This is even as New Delhi, unenthused about revisiting the China-dominated Regional Comprehensive Economic Partnership (RCEP), seeks to counterbalance any potential damaging effect of the bloc on its foreign trade with bolstered ties with the US and EU, two among its three largest export markets.
The US has been pressing India to abolish/cut “not justified” tariff on motorcycles (50%), automobiles (60%) and alcoholic beverages (150%).
If the proposed interim India-US trade agreement is designed to cover barely 15% of the trade between the two countries, Washington seems in no great hurry to clinch even this limited deal. This is even as New Delhi, unenthused about revisiting the China-dominated Regional Comprehensive Economic Partnership (RCEP), seeks to counterbalance any potential damaging effect of the bloc on its foreign trade with bolstered ties with the US and EU, two among its three largest export markets.
The proposed “limited deal” with the US could cover an annual trade of about $13 billion. “The US response to the proposal is still awaited,” a source told FE. With Joseph R Biden’s victory in the American presidential polls, analysts are expecting a further delay in the clinching of the deal, as even some of the settled issues may also be reviewed by the new administration.
Indian officials, however, indicate that New Delhi is willing to wait for a win-win deal for both. The limited deal was negotiated for months, before the US election purportedly slowed down the process.
This deal was to be followed up with bilateral talks for a broader free trade agreement (FTA), the imprerative of which has only risen after the conclusion of the China-dominated Regional Comprehensive Economic Partnership (RCEP) deal on Sunday. The US is India’s largest export destination.
Under the “limited” deal, India was pushing the US for a complete restoration of duty benefits for it under the so-called Generalised System of Preferences (GSP). This will mean duty-free Indian supplies of over $6 billion a year (the tariff forgone for the US was only $240 million in 2018). This deal is expected to be almost evenly balanced in terms of trading value for both the partners.
However, with the new US administration taking over early next year, India may be willing to even expand the coverage of the deal on a reciprocal basis, a source said. In that case, the limited deal may be converted into a preferential trade agreement involving dozens of key products, which will set the stage for an FTA subsequently. According to the source, India may consider opening up its dairy and poultry sectors partially if it gets a good deal from the US in textiles and garment and pharmaceuticals. In garments, for instance, the US import duties for India currently range between 16.5% and 32%.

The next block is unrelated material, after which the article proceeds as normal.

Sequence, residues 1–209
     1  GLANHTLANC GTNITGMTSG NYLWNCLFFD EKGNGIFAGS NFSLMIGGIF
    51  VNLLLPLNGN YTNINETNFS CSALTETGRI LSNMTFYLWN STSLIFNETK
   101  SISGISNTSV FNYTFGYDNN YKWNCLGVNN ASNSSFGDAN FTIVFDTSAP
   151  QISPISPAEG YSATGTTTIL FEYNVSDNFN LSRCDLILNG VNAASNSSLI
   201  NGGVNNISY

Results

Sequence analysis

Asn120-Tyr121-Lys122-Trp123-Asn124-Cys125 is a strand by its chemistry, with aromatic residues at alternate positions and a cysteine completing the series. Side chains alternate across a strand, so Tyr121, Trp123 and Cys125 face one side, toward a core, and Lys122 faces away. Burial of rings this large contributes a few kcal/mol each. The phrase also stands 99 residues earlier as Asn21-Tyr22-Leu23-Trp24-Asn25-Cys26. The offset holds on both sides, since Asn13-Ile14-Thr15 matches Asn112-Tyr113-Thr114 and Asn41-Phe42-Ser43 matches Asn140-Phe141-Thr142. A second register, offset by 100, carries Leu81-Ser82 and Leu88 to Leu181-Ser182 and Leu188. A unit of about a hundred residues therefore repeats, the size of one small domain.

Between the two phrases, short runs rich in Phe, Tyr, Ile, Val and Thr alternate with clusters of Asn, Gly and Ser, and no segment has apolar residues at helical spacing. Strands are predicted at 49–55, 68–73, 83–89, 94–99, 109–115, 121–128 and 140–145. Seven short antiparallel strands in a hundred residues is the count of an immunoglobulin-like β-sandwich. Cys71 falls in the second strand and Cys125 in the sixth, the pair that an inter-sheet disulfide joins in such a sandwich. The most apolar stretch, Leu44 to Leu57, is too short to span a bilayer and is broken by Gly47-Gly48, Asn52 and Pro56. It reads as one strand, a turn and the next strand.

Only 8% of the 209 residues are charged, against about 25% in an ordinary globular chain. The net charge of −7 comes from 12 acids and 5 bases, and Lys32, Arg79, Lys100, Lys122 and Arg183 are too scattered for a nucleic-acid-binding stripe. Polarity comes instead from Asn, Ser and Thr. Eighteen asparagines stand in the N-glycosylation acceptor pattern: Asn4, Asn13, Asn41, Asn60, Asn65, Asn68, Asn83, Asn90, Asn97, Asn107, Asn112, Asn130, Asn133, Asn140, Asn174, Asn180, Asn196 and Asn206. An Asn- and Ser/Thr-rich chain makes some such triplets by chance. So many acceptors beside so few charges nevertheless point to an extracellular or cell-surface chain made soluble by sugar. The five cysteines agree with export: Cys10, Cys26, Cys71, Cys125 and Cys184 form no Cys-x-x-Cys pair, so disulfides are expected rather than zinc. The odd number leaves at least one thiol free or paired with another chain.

As part of the limited deal, India is learnt to have offered to reduce tariffs on high-end bikes like Harley Davidson, extend greater market access in farm products, including cherry, and sweeten its initial offer on easing price caps in medical equipment. India is willing to apply trade margin on coronary stents and knee implants at the first point of sale (price to stockiest), instead of imposing it on the landed prices, as was proposed by it initially, to make it more attractive for American companies like Abott. India is also willing to resolve certain non-tariff measures, such as certification process for some dairy products and market access in alfalfa hay and pork.
However, negotiations on the American demand for India to scrap duties on seven ICT products, including high-end phones and smart watches, are yet to be concluded, said the source. New Delhi had earlier estimated that any such move would mean a potential customs revenue loss of $3.2 billion or more a year.
The US has been pressing India to abolish/cut “not justified” tariff on motorcycles (50%), automobiles (60%) and alcoholic beverages (150%). It is seeking better trade balance with India through greater market access in agriculture and dairy products.
New Delhi has been critical of stringent US patent protection laws and various steps by the Food and Drug Administration (FDA), which have dented India’s exports of pharmacetical products. This is among the important non-tariff barriers that India wants the US to remove.
In Septmeber, commerce and industry minister Piyush Goyal had said US trade representative Robert Lighthizer and he had agreed that “we can look to finalising (the limited deal) before the (US) election, or otherwise soon after the election”.
Analysts have said any US move to rejoin the ambitious Trans-Pacific Partnership (TPP) trade deal with 11 others, which was rejected by the Trump regime, will further pressure India to redraw its trade ties to ensure it’s not left behind in integrating with global supply chain.
However, even if a deal may take some more time now, it’s worth waiting for, analysts say. This is because the Biden administration will likely be more pragamatic and may not view trade ties with countries, especially strategic allies, striclty from the narrow prism of American trade deficit, as Donald Trump did, they add. However, given that Trump has gone too far with protectionist measures through his “America First” policies, it won’t be easy for Biden to unwind them quickly.